Hidden licence features saving us millions
FRAUDSTERS are after your identity, a crime costing Aussies upward of $1.6 billion a year - but a technology found on banknotes could help change that.
According to the Australian Federal Police, identity crime is a critical threat to Australians with about $900 million lost by individuals each year through credit card fraud, theft and scams.
Some of these scams involve the use of stolen, fake or doctored driver's licenses and Medicare cards.
"Typically, fraudsters would pick away at the laminate of a driver's licence that covers the top of the card to alter information and/ or the photo to create a new identity," Stephen Pratt of technology company Leonhard Kurz Australia said.
"It is then used to create a bank account, apply for a Medicare card and ultimately, a passport."
The managing director of Kurz Australia said the company, which specialises in hot stamping and coating, has managed to drastically reduce driver's licence counterfeits in Queensland through its identification security technology, Kinegram.
It is the same technology used on the new $5 and $10 notes across the country.
"Queensland is currently the only Australian government to have implemented the Kinegram technology, which is similar to holograms," he said.
Mr Pratt said the Kinegram technology outsmarted fraudsters through its use of specific visual effects, which are embossed onto the foil or overlay and anchored to the card using specialised adhesives.
"Meaning if you try to remove the overlay to change the information on the card, you destroy it, making it completely tamper evident," he said.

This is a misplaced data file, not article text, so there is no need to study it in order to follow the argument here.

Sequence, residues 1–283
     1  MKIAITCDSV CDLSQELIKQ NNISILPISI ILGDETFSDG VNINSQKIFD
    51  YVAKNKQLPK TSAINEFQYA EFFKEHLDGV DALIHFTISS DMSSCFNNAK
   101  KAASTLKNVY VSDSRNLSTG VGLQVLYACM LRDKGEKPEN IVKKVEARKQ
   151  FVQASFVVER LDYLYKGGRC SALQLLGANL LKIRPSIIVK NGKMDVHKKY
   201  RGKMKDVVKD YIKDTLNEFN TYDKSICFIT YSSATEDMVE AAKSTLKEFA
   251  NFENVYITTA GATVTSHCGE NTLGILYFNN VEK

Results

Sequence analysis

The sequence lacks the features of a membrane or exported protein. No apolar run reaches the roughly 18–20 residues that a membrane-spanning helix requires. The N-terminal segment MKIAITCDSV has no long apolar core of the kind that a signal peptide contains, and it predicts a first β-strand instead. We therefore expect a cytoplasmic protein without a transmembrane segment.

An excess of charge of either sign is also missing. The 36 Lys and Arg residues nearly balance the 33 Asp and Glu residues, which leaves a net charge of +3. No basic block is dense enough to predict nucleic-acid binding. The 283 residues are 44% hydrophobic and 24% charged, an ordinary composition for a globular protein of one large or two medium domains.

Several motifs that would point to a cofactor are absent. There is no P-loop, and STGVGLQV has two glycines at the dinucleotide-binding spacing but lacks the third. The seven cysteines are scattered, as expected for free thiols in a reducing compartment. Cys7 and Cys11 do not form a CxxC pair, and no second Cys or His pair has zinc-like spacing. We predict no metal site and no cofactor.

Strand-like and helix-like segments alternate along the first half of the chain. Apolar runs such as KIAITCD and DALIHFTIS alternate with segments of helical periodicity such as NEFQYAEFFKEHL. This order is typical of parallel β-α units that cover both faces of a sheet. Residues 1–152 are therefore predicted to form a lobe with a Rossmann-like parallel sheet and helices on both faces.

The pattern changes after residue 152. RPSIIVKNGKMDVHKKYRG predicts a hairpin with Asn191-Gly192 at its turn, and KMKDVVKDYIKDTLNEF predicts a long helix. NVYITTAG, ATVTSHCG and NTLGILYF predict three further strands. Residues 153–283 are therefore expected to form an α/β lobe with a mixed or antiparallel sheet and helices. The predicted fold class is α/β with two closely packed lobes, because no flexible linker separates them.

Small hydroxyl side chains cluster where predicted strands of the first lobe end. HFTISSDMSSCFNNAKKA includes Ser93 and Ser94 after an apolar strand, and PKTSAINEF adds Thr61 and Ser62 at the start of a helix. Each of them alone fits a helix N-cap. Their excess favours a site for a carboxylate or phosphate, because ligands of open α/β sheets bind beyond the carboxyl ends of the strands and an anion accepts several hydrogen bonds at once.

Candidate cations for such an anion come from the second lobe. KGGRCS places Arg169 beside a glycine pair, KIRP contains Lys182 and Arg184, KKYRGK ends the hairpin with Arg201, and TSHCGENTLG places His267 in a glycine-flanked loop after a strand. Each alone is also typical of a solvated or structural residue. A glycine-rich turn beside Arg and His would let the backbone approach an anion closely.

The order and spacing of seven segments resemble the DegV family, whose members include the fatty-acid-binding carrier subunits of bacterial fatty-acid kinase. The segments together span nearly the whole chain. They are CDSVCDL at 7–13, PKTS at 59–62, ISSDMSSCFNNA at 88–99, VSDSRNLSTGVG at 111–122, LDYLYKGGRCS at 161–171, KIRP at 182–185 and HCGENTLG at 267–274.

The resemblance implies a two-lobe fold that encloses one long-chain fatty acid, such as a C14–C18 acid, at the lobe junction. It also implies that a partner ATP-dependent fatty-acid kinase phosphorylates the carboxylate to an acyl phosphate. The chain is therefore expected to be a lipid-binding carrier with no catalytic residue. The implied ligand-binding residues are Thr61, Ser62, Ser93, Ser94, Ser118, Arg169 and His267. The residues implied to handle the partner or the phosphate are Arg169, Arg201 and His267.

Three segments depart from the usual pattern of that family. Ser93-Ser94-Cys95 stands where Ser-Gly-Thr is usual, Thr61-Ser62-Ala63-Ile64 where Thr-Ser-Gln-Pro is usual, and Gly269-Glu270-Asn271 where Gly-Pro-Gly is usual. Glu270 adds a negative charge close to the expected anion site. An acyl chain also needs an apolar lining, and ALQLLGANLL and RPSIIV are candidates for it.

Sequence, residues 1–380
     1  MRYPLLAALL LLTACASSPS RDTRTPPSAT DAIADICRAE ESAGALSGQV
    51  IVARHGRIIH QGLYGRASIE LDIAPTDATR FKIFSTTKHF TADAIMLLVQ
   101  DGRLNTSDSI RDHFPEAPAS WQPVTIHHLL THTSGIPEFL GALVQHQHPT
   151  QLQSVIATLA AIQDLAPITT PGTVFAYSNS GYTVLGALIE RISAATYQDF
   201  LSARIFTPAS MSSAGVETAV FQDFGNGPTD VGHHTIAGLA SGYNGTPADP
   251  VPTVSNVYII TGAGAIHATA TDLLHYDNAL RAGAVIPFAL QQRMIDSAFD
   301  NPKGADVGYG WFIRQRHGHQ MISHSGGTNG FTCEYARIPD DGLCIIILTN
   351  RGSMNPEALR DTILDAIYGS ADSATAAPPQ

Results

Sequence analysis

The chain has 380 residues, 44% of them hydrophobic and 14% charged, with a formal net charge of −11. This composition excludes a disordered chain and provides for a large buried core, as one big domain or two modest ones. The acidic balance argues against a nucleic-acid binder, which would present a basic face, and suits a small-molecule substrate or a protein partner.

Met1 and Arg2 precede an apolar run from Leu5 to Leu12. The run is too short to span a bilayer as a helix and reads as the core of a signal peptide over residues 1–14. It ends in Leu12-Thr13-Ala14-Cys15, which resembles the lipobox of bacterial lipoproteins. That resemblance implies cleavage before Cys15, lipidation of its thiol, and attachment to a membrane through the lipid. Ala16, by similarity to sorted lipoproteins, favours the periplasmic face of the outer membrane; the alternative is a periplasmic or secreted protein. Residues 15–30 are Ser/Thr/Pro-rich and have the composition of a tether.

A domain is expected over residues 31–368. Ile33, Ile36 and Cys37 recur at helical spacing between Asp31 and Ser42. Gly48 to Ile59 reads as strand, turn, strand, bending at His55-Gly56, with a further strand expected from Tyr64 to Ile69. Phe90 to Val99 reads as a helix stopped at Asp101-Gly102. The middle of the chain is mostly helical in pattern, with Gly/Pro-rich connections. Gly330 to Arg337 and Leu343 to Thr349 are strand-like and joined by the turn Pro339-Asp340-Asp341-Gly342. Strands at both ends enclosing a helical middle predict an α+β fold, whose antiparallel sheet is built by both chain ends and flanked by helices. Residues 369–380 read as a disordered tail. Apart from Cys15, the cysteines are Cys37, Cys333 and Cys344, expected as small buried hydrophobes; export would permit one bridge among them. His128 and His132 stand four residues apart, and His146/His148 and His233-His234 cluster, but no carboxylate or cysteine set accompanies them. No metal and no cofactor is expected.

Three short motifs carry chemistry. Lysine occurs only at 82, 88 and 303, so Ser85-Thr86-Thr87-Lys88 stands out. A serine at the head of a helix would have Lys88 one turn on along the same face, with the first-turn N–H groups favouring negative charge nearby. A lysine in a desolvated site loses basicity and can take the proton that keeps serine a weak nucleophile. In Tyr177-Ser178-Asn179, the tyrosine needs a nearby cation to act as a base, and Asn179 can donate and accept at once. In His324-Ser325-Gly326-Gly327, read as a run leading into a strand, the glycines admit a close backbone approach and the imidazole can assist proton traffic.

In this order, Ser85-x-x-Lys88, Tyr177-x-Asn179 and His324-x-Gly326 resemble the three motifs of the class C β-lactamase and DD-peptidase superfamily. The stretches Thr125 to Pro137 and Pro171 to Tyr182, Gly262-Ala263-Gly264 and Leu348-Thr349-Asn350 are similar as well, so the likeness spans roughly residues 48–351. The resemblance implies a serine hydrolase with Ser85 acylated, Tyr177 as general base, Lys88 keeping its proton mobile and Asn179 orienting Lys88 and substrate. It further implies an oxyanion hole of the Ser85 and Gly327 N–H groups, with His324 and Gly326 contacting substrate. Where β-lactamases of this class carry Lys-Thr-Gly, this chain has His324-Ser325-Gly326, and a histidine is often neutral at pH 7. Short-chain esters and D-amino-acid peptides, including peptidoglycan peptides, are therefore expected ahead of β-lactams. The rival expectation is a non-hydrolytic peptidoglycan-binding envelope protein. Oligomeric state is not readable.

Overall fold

"The Kinegram overlay protects all the variable data on the front of the card including the photo, while a Kinegram patch is hot stamped on the rear of the card to prove authenticity.
"Feedback from Queensland's department of Transport and Main Roads was that they have not had one successful alteration or successful counterfeit of driver's licences since they implemented it in 2012," Mr Pratt said.
In 2015, a joint state-federal investigation broke up a counterfeiting syndicate that tried to smuggle 5000 security holograms - used on NSW driver's licences - from China. Operation Mera also seized thousands of blank cards, electronic card templates, card readers, and fraudulent Australian and overseas identity documents.
Despite strict privacy laws and tightening digital security measures, the reality underpinning the counterfeiting and ID-theft black market is that it's remarkably easy to obtain and use stolen personal information.
Mr Pratt said if governments were serious about reducing identity theft and fraud, it was critical that all physical government ID documents were protected.
"Millions are spent on cyber security, but no one is talking about physical security," he said.
"It takes people a long time to get their identity back and a lot of money, let alone the damage it causes through fraudulent use of their name and in some cases criminal charges.
"Australia has scaled up the protection of its banknotes against forgery and counterfeiting, so why don't we have the same protection for people's identities?"
The company is in talks with other states to have the technology implemented into its driver's licences.